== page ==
- Blood gas test – To monitor respiratory gas alkalosis or anion-gap metabolic acidosis as toxicity progresses.
Prompt diagnosis and treatment are vital if your cat is to recover from aspirin poisoning. There is no antidote; the goal of treatment is to remove the drug from the body and offer supportive care.
- Ventilate the cat if it is experiencing breathing difficulty
- Provide supplementary oxygen where necessary
- Administer medications to control seizures
- Re-establish hydration and electrolyte balance with the administration of intravenous fluids. This also helps the kidneys to flush the toxin out of the body via the urine (known as diuresis). Furosemide may be administered to enhance this.
- Maintain normal body temperature if the cat has become hyperthermic via external cooling such as fans.
- Induce vomiting if the exposure was recent (within the past 2-4 hours) or gastric lavage (stomach pumping), followed by administration of activated charcoal to prevent further absorption.
- Hemodialysis is a process of purifying the blood of a cat whose kidneys are not working properly.
- Sodium bicarbonate will be administered intravenously to correct metabolic acidosis and alkalinise the urine, treatment with sodium bicarbonate can lead to hypokalemia (potassium deficiency) and therefore should be administered carefully with frequent monitoring of urine or blood pH.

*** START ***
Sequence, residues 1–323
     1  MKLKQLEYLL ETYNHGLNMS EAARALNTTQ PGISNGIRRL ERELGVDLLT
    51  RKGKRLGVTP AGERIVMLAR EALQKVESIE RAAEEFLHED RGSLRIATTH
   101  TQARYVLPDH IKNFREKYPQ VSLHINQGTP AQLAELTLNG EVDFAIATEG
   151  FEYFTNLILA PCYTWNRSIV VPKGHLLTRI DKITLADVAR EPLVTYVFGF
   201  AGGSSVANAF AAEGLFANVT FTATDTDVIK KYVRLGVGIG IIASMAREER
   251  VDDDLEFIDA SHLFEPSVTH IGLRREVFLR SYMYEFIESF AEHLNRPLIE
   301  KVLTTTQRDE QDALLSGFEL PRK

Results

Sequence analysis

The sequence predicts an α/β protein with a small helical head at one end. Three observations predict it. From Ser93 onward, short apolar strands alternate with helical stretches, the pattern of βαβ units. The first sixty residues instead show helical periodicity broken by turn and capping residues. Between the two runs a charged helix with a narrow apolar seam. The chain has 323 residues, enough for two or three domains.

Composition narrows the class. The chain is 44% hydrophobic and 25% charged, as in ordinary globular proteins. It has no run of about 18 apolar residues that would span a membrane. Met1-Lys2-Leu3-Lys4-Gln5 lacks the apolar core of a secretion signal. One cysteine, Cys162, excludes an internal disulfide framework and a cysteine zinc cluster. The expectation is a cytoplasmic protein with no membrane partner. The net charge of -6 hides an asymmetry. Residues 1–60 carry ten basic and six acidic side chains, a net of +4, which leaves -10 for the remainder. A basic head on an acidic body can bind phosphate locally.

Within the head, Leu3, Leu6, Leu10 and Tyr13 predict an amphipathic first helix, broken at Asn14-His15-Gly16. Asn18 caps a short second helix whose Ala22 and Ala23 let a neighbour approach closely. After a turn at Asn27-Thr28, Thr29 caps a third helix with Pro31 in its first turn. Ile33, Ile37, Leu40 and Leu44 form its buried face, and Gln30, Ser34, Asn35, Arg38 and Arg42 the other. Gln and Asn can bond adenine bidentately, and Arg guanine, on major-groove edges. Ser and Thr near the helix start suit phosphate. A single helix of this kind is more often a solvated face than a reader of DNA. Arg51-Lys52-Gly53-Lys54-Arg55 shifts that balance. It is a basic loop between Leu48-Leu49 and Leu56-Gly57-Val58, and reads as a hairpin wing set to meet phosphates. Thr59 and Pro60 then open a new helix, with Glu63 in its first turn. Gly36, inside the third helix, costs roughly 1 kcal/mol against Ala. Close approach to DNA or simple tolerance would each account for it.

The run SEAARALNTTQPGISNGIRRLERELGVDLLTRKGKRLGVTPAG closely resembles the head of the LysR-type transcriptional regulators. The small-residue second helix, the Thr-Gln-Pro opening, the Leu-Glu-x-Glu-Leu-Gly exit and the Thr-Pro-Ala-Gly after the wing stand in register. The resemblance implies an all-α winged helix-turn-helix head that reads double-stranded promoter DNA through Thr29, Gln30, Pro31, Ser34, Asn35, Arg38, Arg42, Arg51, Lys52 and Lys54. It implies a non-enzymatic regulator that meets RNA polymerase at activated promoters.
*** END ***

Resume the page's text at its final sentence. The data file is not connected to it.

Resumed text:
- Medications such as sucralfate and misoprostol to protect the gastrointestinal tract.
The prognosis is favourable if treatment commences before the onset of symptoms; otherwise, it is poor.
- Never administer medications to your cat unless prescribed by a veterinarian.
- Always follow your veterinarian’s directions to the letter.
- Have one member of the household responsible for administering medication so that your cat isn’t accidentally medicated twice.
- Keep all medications away from cats and children.
- Don’t store human and pet medications together.
- If you suspect your cat has had aspirin, take him to the veterinarian immediately.
Aspirin can be used in very small doses to prevent blood clots, reduce fever and relieve pain but only under strict veterinary supervision. Cat owners mustn’t self-medicate their cat, particularly aspirin because this will most likely have lethal consequences for the cat.
The safe dose for cats is 10mg/kg every 48 hours. Use with caution in cats with liver or kidney disease, gastric ulcers, coagulation disorders, asthma, pregnancy, in kittens or senior cats.
Stop blood thinners (including aspirin) 1-2 weeks before surgery.